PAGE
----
Paris 2024: Parisian barge owners looking forward to summer 2024 and the Games

They could rejoice, and they are quite ready to do so

Paris 2024: Parisian barge owners looking forward to summer 2024 and the Games

They could rejoice, and they are quite ready to do so. In the summer of 2024, between the opening ceremony, which will take place on July 26 in Paris on the Seine, and the various events which will take place in the river (freestyle swimming, triathlon, paratriathlon), they will be at the forefront of Olympic Games, then Paralympic Games. But, today, the owners of the barges moored along the quays, particularly those who operate restaurants, bars or nightclubs, say they are rather expectant about their future conditions for carrying out their activities.

“There are a lot of uncertainties at the moment,” summarizes Arnaud Séité, co-owner and director of the company Le Marcounet, which operates several restaurant barges. “We are waiting for information, but I have the impression that we are all in the dark,” he adds.

On November 29, the Paris police headquarters presented the security and traffic perimeters that will be put in place during the Games. Two security zones will surround the Olympic sites as closely as possible and two traffic zones will be established around them: they will only concern motorized vehicles (two or four wheels), but not bicycles or pedestrians.

In the blue zone, only the vehicles of people who live there, work there or who have to go to a business or restaurant (delivery drivers) will be authorized to circulate; in the red zone, vehicle circulation will be prohibited, unless there is an exemption, the prefecture having mentioned the use of a QR Code.

The vast majority of barges (residential or commercial) will be able to remain at their usual mooring place, observing the security measures of the perimeter in which they are located. Only twenty houseboats, located in what will be the athletes' disembarkation zone at the Trocadéro for the opening ceremony, will be moved, for a few days, to Boulogne-Billancourt (Hauts-de-Seine).

Consultation phase until January

“The major fundamentals have been laid,” underlines Olivier Jamey, president of the Paris Port Community, an association bringing together around a hundred players in the economic and cultural sectors. “It seems quite logical to me that at this stage we haven’t yet stabilized everything. We will still be in the dark for a long time regarding the details to be worked out,” he seeks to reassure.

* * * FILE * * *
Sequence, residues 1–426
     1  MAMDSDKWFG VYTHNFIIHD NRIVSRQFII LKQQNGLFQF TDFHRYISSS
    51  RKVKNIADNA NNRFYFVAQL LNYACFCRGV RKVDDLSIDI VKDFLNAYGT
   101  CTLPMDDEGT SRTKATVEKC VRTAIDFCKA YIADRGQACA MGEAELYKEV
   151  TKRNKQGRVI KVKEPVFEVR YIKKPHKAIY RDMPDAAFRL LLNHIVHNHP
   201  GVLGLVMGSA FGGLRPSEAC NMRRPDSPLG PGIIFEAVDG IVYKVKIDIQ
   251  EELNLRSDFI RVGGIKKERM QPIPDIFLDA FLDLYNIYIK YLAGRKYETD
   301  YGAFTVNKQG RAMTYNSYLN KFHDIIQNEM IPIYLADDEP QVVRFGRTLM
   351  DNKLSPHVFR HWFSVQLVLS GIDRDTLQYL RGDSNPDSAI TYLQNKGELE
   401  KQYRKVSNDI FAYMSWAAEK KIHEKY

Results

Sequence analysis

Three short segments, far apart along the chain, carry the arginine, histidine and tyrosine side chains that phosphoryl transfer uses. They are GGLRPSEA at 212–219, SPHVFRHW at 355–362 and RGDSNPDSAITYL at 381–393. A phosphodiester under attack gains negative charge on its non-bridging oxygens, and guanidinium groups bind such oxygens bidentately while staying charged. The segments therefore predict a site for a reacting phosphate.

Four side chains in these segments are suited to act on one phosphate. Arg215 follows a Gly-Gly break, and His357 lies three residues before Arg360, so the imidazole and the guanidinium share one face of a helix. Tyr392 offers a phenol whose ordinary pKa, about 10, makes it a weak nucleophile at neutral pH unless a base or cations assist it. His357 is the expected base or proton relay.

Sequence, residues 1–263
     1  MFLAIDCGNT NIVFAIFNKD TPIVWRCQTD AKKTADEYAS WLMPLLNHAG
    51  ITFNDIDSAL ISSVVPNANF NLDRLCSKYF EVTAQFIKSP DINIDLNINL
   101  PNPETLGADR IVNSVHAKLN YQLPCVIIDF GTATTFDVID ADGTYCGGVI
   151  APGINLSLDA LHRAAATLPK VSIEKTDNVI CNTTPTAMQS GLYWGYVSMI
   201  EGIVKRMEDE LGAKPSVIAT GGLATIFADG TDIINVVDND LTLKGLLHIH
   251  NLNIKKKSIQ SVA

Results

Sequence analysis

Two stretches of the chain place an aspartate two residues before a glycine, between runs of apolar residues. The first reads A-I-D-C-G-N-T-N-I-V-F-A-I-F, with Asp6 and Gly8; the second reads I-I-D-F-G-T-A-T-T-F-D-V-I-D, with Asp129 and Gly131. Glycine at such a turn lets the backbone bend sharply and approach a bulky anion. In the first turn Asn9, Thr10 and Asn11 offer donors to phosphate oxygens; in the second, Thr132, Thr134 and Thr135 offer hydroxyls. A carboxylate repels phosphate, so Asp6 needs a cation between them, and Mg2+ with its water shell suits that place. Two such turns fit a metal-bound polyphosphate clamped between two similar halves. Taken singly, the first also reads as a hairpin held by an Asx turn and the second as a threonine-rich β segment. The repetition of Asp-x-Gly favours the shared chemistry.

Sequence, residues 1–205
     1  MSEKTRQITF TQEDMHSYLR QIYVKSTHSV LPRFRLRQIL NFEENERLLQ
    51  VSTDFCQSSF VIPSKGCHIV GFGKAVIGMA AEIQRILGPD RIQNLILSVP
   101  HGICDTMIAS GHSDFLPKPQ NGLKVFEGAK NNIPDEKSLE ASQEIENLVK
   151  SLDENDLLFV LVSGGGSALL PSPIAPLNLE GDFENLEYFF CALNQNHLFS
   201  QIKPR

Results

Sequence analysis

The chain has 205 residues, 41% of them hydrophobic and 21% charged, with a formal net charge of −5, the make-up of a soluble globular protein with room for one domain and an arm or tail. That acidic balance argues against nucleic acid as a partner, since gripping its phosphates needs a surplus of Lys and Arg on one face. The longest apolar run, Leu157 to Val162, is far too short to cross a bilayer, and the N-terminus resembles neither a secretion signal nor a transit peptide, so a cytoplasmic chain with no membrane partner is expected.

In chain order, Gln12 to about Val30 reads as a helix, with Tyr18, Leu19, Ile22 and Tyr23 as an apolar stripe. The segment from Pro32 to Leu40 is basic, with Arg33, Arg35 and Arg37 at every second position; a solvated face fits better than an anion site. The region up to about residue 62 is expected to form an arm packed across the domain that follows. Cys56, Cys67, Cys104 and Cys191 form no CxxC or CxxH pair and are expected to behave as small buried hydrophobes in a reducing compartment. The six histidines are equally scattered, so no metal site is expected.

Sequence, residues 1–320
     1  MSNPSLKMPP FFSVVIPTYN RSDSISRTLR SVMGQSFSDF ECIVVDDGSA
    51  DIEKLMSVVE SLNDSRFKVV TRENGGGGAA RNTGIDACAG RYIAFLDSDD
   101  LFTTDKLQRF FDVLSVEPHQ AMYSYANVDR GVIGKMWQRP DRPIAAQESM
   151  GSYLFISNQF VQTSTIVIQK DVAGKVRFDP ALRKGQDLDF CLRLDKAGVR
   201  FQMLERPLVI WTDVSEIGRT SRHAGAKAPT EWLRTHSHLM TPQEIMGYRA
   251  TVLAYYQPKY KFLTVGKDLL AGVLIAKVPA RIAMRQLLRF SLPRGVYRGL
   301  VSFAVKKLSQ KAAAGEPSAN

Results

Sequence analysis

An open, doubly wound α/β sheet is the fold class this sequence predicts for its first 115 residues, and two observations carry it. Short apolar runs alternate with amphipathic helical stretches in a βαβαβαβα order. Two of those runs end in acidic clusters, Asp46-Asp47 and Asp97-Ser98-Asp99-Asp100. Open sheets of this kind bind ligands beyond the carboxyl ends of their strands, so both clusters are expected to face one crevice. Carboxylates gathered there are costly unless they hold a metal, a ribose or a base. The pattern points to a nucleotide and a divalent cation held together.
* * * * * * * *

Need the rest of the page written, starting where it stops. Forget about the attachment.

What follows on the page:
Under the aegis of the Paris police headquarters, a consultation phase on these security and traffic plans has been underway since the beginning of December. It will last until January. Concerning local elected officials, businesses, economic and institutional players, in Paris and in the various Ile-de-France departments concerned, it must lead to definitively finalizing the measures.

“Nothing is definitive,” assured the Paris police prefect, Laurent Nuñez, during the presentation of the plans, while affirming that he wanted to both “ensure security” and “penalize economic life as little as possible, but also social life and the life of local residents”.

It is the opening ceremony on the Seine which is the subject of the greatest vigilance, the security measures which will apply having to be drastic given the number of athletes and personalities who will be present. This could be the most inconvenient time for houseboat owners.

Several days before July 26, the Seine will be closed to navigation and a very strict security perimeter will be deployed on the low quays. “All sailing and non-sailing boats will be secured a few days before,” explains Jamey. “The principle of this perimeter is to maintain access to commercial establishments for the public,” specifies the police headquarters.

“I went from ‘this is going to be great’ to ‘this is going to be hell’.”

Apart from this somewhat unusual time of the opening ceremony, “everything should function normally, except the areas disrupted by the competitions,” explains Olivier Jamey, who attends these consultation meetings. Among the traders interviewed, however, the tone is different. There is concern about the fluidity of their activities: are their staff and suppliers not likely, for example, to encounter access difficulties with the filtering zones?

“We have the broad outlines but little information,” regrets Damien (who requested anonymity), sales manager of a barge rented to companies for events. “I thought we would know more at the end of the year, but that’s not the case,” he continues, saying he’s a little disillusioned: “I went from “it’s going to be great” to “it’s going to be great.” be hell”. »

“Today, we have nothing concrete,” adds Arnaud Séité, whose barges live largely through the organization of events (corporate cocktails, weddings, concerts). “There, the big problem is that we have, for example, requests for weddings for the summer of 2024, and we are making them wait because we are waiting for more information” on accessibility.

In the summer of 2023, one of its catering barges, moored at the town hall quay, welcomed four hundred people per day on average. Attendance that he plans to double over the Olympic period. “I hope to have more visitors, we have the reception capacity if people come and go,” underlines Mr. Séité, who relies mainly on reservations from national delegations, private companies or even groups of journalists.

“A request to create an information site was made. This would make it possible to have a reference place accessible to everyone, explains Olivier Jamey. We work in the most positive spirit with the authorities. » Some barge managers we met sought to put things into perspective: working in a hurry and permanent adaptation would have become the norm for many since the Covid crisis. There are still seven months before the start of the Games so that the banks of the Seine are not… quays of fog.